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lay figure

noun
1.
a jointed model of the human body, usually of wood, from which artists work in the absence of a living model.
2.
a similar figure used in shops to display costumes.
3.
a person of no importance, individuality, distinction, etc.; nonentity.
Origin of lay figure
1785-1795
1785-95; lay, extracted from obsolete layman < Dutch leeman, variant of ledenman, equivalent to leden- (combining form of lid limb, cognate with Old English, Middle English lith) + man man1)
Dictionary.com Unabridged
Based on the Random House Dictionary, © Random House, Inc. 2015.
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Examples from the Web for lay figure
Historical Examples
  • Then why should he know Murdock, and why should a lay figure be put in Murdock's bed?

    A Master of Mysteries L. T. Meade
  • "You look exactly like a lay figure in a milliner's shop," he remarked.

    To Leeward F. Marion Crawford
  • A flirtation with a lay figure would have been quite as successful.

    The Graysons Edward Eggleston
  • A lay figure on a divan in the corner, emerged wildly from a trail of drapery.

    Ragna Anna Miller Costantini
  • He is a lay figure, but not necessarily a lay figure of speech.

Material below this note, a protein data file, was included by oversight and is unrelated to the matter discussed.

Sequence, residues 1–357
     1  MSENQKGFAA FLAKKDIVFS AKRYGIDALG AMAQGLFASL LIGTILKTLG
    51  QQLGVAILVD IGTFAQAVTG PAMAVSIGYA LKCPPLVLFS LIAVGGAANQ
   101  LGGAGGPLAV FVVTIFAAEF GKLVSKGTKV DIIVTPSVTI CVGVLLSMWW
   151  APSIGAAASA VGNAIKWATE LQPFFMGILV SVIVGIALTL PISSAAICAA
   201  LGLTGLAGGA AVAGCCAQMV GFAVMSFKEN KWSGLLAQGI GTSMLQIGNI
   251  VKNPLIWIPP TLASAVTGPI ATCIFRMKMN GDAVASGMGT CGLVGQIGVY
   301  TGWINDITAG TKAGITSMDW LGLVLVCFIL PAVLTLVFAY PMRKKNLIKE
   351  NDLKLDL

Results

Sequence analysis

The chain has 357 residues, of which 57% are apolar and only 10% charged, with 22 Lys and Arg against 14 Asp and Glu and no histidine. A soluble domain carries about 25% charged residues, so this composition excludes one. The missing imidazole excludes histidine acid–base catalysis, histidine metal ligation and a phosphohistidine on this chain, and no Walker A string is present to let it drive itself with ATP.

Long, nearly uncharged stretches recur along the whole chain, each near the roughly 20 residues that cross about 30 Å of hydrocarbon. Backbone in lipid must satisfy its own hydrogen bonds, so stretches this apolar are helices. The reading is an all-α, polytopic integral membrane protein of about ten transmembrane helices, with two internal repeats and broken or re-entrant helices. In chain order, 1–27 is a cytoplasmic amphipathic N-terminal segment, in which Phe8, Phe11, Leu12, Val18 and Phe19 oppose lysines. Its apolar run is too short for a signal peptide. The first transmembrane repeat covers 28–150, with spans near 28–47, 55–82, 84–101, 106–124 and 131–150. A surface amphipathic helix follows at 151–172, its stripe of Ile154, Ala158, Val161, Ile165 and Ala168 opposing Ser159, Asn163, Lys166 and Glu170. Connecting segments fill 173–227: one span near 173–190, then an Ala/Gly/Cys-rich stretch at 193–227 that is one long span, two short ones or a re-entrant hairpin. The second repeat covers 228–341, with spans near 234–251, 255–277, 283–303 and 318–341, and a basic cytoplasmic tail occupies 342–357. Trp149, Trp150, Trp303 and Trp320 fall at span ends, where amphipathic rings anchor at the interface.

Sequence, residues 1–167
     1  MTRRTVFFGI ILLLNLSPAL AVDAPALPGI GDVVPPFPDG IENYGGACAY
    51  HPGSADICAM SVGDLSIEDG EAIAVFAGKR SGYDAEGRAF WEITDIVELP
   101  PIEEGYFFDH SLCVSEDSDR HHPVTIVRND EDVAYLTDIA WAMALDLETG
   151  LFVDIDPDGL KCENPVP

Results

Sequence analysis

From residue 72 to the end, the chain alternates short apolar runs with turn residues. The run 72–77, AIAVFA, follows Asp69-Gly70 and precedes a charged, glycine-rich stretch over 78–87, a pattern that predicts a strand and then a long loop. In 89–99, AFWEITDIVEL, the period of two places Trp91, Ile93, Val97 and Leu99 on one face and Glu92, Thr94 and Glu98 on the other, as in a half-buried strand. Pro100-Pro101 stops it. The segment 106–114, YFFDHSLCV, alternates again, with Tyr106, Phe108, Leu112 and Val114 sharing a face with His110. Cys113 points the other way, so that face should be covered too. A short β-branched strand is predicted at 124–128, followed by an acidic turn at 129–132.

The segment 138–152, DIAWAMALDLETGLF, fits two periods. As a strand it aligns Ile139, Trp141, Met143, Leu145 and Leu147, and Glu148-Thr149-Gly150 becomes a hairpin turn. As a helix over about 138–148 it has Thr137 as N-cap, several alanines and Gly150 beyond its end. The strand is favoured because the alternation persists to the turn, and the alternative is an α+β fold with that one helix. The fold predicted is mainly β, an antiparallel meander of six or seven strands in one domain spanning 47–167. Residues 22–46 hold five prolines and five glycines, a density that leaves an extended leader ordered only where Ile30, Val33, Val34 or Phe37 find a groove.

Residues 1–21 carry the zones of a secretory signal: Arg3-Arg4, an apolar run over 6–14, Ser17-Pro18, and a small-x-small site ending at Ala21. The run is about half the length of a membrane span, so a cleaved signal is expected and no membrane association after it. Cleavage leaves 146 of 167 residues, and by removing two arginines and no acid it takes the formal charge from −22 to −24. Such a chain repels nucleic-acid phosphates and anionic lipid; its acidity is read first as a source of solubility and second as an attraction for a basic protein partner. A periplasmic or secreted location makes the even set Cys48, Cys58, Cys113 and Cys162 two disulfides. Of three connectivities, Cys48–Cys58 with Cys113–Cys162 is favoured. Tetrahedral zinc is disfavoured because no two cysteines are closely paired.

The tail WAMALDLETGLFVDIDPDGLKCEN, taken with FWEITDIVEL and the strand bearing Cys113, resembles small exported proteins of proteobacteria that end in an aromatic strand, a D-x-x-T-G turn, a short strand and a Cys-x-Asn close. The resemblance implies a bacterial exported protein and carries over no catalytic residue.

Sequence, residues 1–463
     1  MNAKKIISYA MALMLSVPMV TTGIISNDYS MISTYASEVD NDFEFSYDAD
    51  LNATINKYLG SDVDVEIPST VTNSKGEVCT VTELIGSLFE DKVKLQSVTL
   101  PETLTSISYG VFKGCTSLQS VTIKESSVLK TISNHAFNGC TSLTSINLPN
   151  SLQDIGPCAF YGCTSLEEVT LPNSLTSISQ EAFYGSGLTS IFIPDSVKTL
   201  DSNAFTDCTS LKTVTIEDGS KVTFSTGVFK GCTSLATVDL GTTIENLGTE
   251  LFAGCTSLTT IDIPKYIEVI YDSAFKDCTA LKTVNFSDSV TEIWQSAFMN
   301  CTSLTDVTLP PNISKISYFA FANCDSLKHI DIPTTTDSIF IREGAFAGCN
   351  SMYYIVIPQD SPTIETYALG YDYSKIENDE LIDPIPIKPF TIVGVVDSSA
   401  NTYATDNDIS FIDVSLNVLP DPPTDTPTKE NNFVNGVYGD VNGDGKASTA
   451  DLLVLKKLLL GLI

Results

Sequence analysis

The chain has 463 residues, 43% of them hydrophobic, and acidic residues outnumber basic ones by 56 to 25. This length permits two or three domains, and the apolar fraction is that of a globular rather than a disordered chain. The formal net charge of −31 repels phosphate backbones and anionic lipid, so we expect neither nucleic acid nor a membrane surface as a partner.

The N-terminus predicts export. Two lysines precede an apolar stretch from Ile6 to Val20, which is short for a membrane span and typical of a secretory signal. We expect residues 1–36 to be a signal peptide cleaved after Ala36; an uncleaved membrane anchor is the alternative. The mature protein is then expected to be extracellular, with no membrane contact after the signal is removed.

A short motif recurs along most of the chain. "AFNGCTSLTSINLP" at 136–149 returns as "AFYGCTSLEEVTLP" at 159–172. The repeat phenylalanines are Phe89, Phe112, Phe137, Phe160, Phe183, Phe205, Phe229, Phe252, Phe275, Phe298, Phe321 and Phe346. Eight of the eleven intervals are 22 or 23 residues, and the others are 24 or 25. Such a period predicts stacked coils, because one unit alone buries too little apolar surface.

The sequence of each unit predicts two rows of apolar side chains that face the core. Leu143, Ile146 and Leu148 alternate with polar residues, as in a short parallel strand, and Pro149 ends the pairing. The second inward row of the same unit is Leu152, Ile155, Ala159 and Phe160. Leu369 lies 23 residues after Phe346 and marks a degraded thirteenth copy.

The Perfect Gentleman Ralph Bergengren
  • He felt for a moment as if he were talking to a sort of lay figure that represented her and could not answer him.

    Cecilia F. Marion Crawford
  • I've used you as a sort of lay figure—when I've told myself stories.

    Tono Bungay H. G. Wells
  • Dick Turpin has been my lay figure for many an English lane.

    Essays of Travel Robert Louis Stevenson
  • Wolff will do for what artists call the 'lay figure,' and I'll put any drapery on him that I fancy.

  • You can hardly have a lay figure of full size, because of its cost.

    The Painter in Oil Daniel Burleigh Parkhurst
British Dictionary definitions for lay figure

lay figure

noun
1.
an artist's jointed dummy, used in place of a live model, esp for studying effects of drapery
2.
a person considered to be subservient or unimportant
Word Origin
C18: from obsolete layman, from Dutch leeman, literally: joint-man
Collins English Dictionary - Complete & Unabridged 2012 Digital Edition
© William Collins Sons & Co. Ltd. 1979, 1986 © HarperCollins
Publishers 1998, 2000, 2003, 2005, 2006, 2007, 2009, 2012
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Word Value for lay

6
6
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